HOMESTEAD — NASCAR's 2009 ban on testing at tracks hosting national touring series events was warily praised in the garage on Friday at Homestead-Miami Speedway. But teams were already speculating — as they do with any rules change — on how to work around it.
As the economy squeezes the sport's finances ever tighter, NASCAR hopes to curtail costs for teams that spend upward of $100,000 per day testing.
"I think it's warranted based on the significant times that we've got in front of us," said NASCAR president Mike Helton.
Driver Jeff Burton was concerned about a possible effect on competition, but admitted that drastic action might be warranted. The concern among teams is that without testing — which provides data about particular tracks preceding a race there — the quality of competition could suffer. Teams that are behind catch up by testing. They can still pay to use facilities that do not host top-three series races, but the information gained is not as valuable.
"I've never been part of a sport where testing was banned. So I'm not sure of the consequences of that," Burton said. "I do believe that testing is a way for a struggling team to improve but I also believe that we're in severe times and we need to have severe actions."
Ray Evernham, minority owner of Gillett Everham Motorsports, said two key factors will determine whether the policy is effective.
"The No. 1 priority should always be good competition, because if we don't have good competition, you don't have people in the grandstands," he said. "No. 2, obviously, is economics. NASCAR's got to take a responsibility because racers will put themselves into extinction. If I had the most money, I'm going to do what's the best for me."
The ban is to take effect Jan. 1, and driver Jeff Gordon joked with crew chief Steve Letarte inside his hauler on Friday that they would spend December testing.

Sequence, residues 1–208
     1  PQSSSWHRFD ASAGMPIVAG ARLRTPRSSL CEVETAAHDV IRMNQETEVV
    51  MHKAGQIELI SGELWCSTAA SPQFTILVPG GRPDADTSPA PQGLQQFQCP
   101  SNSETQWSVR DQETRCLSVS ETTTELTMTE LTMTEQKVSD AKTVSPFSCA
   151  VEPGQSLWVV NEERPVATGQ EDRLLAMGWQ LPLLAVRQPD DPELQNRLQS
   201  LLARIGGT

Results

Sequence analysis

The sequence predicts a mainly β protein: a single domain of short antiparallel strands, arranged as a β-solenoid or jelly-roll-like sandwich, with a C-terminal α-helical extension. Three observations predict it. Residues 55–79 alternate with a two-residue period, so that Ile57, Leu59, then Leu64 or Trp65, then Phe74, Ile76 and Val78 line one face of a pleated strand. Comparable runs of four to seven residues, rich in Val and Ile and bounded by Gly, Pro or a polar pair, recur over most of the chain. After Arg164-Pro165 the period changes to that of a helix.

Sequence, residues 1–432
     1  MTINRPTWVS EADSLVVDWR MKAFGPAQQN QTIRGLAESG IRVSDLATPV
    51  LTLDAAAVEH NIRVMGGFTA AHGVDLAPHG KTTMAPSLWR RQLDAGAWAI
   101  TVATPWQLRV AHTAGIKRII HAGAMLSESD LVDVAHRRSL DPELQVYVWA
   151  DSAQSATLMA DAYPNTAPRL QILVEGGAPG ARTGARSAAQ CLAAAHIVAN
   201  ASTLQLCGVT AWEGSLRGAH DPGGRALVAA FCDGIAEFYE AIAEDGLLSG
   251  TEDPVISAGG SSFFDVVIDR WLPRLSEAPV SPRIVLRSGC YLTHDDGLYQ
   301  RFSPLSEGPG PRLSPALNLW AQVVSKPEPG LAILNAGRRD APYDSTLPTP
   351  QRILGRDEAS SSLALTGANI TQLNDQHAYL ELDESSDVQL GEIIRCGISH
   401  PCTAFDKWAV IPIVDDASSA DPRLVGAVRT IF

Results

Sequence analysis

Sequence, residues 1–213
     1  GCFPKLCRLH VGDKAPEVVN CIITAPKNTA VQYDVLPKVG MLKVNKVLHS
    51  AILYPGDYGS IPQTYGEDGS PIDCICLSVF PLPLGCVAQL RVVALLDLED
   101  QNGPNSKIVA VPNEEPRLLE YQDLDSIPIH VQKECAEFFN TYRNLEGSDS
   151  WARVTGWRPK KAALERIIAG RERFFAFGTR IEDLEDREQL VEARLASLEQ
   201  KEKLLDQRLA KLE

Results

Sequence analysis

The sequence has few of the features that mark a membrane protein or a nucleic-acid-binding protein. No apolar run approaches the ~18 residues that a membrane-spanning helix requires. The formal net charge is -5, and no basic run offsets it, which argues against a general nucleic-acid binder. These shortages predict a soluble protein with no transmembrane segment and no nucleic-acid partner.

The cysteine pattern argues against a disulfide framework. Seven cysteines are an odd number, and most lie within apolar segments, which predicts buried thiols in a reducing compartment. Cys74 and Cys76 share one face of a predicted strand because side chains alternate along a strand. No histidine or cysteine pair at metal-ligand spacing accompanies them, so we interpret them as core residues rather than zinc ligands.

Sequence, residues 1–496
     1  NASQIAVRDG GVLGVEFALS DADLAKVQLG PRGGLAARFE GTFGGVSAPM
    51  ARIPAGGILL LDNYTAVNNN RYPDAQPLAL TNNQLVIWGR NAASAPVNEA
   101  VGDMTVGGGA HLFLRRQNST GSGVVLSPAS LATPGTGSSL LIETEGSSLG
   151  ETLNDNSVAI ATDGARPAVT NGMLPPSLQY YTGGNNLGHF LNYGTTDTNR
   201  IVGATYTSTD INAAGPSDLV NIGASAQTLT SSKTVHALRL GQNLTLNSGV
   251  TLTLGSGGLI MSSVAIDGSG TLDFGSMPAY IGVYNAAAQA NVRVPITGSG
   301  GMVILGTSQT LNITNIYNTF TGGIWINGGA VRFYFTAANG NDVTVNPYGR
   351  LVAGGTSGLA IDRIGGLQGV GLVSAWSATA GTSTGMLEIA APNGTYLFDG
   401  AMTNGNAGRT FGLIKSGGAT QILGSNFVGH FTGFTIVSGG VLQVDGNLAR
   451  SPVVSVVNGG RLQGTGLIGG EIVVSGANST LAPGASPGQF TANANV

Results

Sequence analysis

Team owner Rick Hendrick advocates using data acquisition telemetry on Friday of each race weekend as mini tests. That plan would require a major shift in stance, however, considering NASCAR's institutional resistance to using such technology on race weekends. The concern, said retired driver Dale Jarrett, is that teams would find ways to use devices like illegal traction control.
TEAM CHIP 'N' DALE: General Motors NASCAR field director Pat Suhy said Dale Earnhardt Inc. has not told him if it wishes to continue using Chevy engines when it merges with Chip Ganassi Racing in 2009. Ganassi is a Dodge affiliate.
"It doesn't matter what I want them to be," Suhy said. "They need to make a decision on their own needs and what kind of support they can get from either organization and what they think is in their best interests."
DEI vice president of motorsports operations John Story declined comment on the merger "until we've communicated with the employees."
The new DEI/Ganassi hybrid, a collaboration of two organizations that collectively have 10 wins since 2004 (six by Dale Earnhardt Jr. in 2004), will use drivers Aric Almirola, Juan Pablo Montoya, Martin Truex and an unnamed fourth in 2009.